Zimplow to shed foreign liabilities, strengthen balance sheet

Zimplow Holdings

LISTED mining and agriculture implements maker, Zimplow Holdings is geared towards strengthening its balance sheet by reducing foreign liabilities and repositioning the group to deliver earth-moving equipment through a new original equipment manufacturer.

In a statement accompanying financial results for the half-year ended June 30, 2021, Zimplow revealed that  it would continue to leverage on its diversified structure to boost its performance despite the economic challenges prevailing in the country.

“The group remains focused on realigning the working capital position given the need to rely on internal resources arising from increased lead times, delayed remittance of auction funds and reduced demand following the liquidity squeeze driven by monetary policy measures. The group is geared on strengthening its balance sheet position by reducing foreign liabilities, and repositioning the group to deliver earth-moving equipment through a new original equipment manufacturer or supplier.” Zimplow said in the statement.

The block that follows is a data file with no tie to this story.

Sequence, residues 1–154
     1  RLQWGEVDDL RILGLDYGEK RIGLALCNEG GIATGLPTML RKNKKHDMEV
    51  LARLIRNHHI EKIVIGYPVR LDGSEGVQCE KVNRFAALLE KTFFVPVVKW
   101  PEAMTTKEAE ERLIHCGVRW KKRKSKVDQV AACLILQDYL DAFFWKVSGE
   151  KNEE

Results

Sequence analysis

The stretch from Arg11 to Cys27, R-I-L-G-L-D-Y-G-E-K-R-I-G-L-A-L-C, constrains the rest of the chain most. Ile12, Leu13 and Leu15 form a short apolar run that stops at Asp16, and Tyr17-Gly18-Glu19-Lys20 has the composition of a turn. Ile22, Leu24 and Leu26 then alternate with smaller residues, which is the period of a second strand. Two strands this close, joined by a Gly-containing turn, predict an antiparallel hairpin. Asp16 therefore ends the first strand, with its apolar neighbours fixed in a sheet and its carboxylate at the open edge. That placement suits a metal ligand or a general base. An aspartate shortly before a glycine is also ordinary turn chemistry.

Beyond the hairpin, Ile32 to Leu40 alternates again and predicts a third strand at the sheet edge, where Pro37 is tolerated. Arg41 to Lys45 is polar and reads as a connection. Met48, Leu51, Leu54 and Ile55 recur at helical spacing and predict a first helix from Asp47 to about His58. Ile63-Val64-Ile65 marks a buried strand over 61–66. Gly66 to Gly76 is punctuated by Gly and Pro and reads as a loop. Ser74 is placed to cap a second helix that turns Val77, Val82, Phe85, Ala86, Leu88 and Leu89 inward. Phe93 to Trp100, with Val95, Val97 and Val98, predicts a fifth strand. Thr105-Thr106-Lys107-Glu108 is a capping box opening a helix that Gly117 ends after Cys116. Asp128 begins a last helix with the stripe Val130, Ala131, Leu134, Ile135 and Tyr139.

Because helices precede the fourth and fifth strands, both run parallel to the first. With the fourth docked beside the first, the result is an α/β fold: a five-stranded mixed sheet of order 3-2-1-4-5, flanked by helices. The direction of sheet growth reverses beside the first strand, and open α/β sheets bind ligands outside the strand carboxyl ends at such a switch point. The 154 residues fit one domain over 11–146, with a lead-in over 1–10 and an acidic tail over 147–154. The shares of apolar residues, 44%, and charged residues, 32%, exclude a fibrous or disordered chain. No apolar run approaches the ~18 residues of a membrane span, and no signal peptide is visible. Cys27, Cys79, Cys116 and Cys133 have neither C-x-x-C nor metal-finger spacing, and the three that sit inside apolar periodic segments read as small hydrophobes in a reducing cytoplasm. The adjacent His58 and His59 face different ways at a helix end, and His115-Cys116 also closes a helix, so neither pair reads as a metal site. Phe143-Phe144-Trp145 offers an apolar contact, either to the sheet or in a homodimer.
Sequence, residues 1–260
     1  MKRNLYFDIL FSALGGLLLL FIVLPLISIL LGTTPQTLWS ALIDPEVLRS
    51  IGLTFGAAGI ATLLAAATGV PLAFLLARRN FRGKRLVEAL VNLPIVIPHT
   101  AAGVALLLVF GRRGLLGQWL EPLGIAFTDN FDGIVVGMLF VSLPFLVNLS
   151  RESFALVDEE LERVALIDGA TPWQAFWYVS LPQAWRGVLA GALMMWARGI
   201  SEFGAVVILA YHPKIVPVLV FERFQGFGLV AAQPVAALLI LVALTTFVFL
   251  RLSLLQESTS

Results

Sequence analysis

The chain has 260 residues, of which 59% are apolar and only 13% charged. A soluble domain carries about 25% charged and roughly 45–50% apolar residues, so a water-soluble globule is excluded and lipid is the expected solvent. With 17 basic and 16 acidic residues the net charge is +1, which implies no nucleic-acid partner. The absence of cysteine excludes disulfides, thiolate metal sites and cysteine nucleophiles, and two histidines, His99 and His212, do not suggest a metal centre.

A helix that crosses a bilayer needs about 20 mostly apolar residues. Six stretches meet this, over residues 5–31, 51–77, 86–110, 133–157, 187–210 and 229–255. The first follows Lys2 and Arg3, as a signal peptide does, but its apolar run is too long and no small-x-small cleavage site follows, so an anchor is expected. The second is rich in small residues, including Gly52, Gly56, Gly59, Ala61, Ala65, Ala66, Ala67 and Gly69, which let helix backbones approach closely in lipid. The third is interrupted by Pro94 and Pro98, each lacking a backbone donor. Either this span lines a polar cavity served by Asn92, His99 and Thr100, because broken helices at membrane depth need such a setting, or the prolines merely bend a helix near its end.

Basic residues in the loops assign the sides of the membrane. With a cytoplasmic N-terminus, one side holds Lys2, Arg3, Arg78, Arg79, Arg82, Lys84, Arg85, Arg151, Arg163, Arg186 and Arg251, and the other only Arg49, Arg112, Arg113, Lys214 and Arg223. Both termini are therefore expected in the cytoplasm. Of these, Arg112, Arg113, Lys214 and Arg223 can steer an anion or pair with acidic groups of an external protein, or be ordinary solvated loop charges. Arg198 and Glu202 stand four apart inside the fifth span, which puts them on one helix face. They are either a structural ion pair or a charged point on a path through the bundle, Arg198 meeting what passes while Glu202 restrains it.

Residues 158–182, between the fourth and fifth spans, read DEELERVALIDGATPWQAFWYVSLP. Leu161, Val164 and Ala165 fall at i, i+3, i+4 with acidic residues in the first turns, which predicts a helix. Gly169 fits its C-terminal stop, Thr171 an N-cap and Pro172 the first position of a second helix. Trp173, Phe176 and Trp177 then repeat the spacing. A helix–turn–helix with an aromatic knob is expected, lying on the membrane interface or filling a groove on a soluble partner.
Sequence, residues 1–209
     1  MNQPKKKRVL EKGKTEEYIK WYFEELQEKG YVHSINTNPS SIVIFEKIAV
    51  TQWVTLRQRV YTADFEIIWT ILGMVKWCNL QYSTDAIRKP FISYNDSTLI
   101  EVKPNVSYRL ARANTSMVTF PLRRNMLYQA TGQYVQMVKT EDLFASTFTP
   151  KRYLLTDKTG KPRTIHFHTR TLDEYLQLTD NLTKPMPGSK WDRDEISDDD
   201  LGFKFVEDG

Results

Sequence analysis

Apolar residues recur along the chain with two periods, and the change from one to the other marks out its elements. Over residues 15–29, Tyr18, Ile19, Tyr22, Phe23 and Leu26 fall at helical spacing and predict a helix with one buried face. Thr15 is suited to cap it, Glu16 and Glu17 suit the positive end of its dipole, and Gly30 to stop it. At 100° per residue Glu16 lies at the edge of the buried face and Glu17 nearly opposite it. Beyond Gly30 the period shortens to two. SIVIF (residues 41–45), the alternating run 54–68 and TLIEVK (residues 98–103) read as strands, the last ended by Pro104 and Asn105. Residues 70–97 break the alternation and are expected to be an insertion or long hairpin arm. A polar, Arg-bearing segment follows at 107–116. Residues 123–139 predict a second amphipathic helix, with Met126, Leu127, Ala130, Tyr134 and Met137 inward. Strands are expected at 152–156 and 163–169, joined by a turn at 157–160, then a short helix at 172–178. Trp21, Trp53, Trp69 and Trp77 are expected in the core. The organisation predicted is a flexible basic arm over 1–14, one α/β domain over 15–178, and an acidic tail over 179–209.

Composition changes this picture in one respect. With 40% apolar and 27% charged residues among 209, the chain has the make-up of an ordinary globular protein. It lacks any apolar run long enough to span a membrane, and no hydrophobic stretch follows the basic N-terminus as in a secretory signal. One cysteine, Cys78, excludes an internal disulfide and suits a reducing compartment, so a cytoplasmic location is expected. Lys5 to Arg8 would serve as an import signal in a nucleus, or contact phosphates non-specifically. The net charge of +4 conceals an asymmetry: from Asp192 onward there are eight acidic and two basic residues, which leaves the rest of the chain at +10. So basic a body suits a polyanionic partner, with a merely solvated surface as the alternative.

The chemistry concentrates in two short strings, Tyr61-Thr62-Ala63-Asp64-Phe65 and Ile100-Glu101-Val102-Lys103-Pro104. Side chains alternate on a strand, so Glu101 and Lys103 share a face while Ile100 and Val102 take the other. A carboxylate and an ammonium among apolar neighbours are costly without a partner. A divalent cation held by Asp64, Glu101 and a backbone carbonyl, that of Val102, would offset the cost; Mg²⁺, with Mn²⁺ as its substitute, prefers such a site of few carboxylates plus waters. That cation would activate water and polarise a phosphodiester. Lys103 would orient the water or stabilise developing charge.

During the period, the group recorded growth in revenue of 24% compared to prior year driven by positive operational performance and volume growth in its key segments.

Profitability was 64% ahead of prior year spurred by a 12- fold increase in exchange and fair value gains.

“In addition, the group is pushing ahead on its commitment to the mining and infrastructure equipment sector and will soon introduce a new corporate brand to service the market’s earth-moving equipment needs in line with our customers’ expectations,” the company said.

Zimplow agricultural equipment unit — Farmec — delivered a strong volume performance with tractors at 22% ahead of prior year while tractor-drawn implements were 3% up on the prior period.

Zimplow said efforts to improve throughput and capacity at workshops through work studies resulted in a 73% growth in hours sold when compared to the same period last year.

Mealie Brand posted a 26% volume  decline in animal-drawn implements compared to the same period last year. The spares volumes for the local market, however, registered a 35% growth against the same period last year as farmers sought to apply their reduced disposal incomes to equipment maintenance rather than replacement.

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